Entomology Part 2 – Choosing a Fly

Photo: Eric Neufeld

As I mentioned before, presentation and fishing technique plays a more significant role in catching fish.  In most instances if you have confidence in your fly, you’ve made a cast in the correct location with a good drift; you’ll be successful.  Regardless if your fly is pink and bedazzled or all natural materials, ANGLER CONFIDENCE plays a huge role!  Fishing Techniques Blog to come.

Review of Entomology – Part 1.

  • Dry Fly = Adult Stage of Bug
  • Subsurface Flies = Immature Stage of Bug
  • Streamer = Mimics Bait Fish and Other Large Aquatic Prey.

There’s still a few other basics before we dive into the different bug species and their life cycles.

Photo: Eric Neufeld

You’ve strung up your rod, chose the correct leader and tippet size (see the tippet equation below), where in the world do you go from here?  You look at your box of flies and have no idea which one to start with. Do you tie a fly on before you hit the water?


The first plan of action should always be doing research on the river you want to fish.  Check out the local fly shops “Fishing Report” or better yet go into the shop and talk to the staff directly and purchase some of the recommended flies.  The relationships you develop with the shop could be priceless.  Find out what specific bugs are hatching during the time of year.  There are several websites that have Hatch Charts for rivers and lakes around the world.  All you have to do is search Hatch Chart.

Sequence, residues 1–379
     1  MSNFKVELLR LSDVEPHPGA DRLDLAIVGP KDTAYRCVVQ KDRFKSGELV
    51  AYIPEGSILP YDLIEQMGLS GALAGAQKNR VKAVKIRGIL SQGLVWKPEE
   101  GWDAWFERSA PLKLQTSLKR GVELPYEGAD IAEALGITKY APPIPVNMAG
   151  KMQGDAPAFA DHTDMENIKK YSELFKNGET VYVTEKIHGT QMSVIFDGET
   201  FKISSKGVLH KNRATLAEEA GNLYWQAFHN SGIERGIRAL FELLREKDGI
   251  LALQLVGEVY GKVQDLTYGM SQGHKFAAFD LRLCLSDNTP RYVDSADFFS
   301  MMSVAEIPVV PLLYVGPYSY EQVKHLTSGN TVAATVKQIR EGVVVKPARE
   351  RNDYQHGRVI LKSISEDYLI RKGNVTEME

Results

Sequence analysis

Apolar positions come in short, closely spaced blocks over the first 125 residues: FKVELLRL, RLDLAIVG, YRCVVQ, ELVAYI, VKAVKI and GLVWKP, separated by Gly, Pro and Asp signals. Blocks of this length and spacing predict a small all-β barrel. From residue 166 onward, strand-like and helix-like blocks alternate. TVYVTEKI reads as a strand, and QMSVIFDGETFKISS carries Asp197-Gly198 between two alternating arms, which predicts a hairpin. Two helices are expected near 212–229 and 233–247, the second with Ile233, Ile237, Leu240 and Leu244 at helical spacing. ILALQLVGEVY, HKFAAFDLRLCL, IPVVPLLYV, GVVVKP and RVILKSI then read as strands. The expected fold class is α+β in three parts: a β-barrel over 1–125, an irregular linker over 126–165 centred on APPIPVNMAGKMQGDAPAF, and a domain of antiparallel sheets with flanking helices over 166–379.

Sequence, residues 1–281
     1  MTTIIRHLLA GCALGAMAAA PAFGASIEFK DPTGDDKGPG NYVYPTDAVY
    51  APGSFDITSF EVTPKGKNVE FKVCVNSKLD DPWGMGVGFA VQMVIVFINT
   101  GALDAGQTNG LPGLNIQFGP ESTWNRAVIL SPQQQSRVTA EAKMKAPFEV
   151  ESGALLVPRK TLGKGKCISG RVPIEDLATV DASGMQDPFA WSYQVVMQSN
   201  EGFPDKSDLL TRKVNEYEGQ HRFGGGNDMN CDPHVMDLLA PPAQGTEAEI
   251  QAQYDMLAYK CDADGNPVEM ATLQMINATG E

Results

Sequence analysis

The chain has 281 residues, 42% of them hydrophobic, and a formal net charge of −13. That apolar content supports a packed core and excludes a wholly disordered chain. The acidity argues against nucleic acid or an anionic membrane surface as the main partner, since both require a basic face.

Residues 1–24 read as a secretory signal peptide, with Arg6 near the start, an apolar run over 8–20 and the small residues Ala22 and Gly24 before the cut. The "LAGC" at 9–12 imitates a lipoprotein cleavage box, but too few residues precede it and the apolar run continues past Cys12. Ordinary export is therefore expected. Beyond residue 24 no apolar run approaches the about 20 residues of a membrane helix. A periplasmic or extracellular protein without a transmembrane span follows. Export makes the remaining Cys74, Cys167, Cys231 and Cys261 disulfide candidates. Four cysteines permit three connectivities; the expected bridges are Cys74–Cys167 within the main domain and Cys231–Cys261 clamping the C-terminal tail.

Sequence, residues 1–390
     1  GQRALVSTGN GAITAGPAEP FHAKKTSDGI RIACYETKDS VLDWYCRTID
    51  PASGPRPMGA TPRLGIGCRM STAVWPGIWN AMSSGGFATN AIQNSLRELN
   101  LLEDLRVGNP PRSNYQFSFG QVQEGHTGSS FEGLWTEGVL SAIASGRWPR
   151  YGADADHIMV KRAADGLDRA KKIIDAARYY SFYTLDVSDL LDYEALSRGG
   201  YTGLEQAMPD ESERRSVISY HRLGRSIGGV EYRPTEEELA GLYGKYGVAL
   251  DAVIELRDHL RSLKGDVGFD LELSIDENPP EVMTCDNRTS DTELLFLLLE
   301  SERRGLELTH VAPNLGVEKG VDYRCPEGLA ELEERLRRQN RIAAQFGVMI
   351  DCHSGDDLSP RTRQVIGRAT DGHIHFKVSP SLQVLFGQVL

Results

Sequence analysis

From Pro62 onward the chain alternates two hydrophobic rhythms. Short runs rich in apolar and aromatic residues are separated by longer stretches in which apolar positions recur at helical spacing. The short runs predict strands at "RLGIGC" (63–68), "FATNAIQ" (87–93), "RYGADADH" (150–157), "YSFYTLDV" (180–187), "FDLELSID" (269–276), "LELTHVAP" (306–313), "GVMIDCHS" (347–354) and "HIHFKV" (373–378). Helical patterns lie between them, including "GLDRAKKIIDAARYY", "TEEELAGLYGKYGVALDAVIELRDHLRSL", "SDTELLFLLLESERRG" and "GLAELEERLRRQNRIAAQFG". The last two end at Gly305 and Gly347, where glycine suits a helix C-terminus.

Reach out to local clubs, local online groups (UWOTF Closed Facebook Group) and the local fly shops list of suggested flies.  If you have no idea what a Purple Haze or Masked Marauder is then Google it, click on images and look at your fly box to see if you have anything that might mimic it.

Photo: Denine Austin

You’re going to be much more successful if you do a little research!

As a nurse I start the day off by walking into my patient’s room and assess my patient’s status and surroundings.  Is the patient awake, alert and oriented?  Do I have all the equipment I need in the room if something were to happen?  How does the patient look, dry and pink?  This is the same with fly fishing.  Look around, assess the river, are there any bugs flying around, are the fish feeding on these bugs, what are the fish feeding behaviors?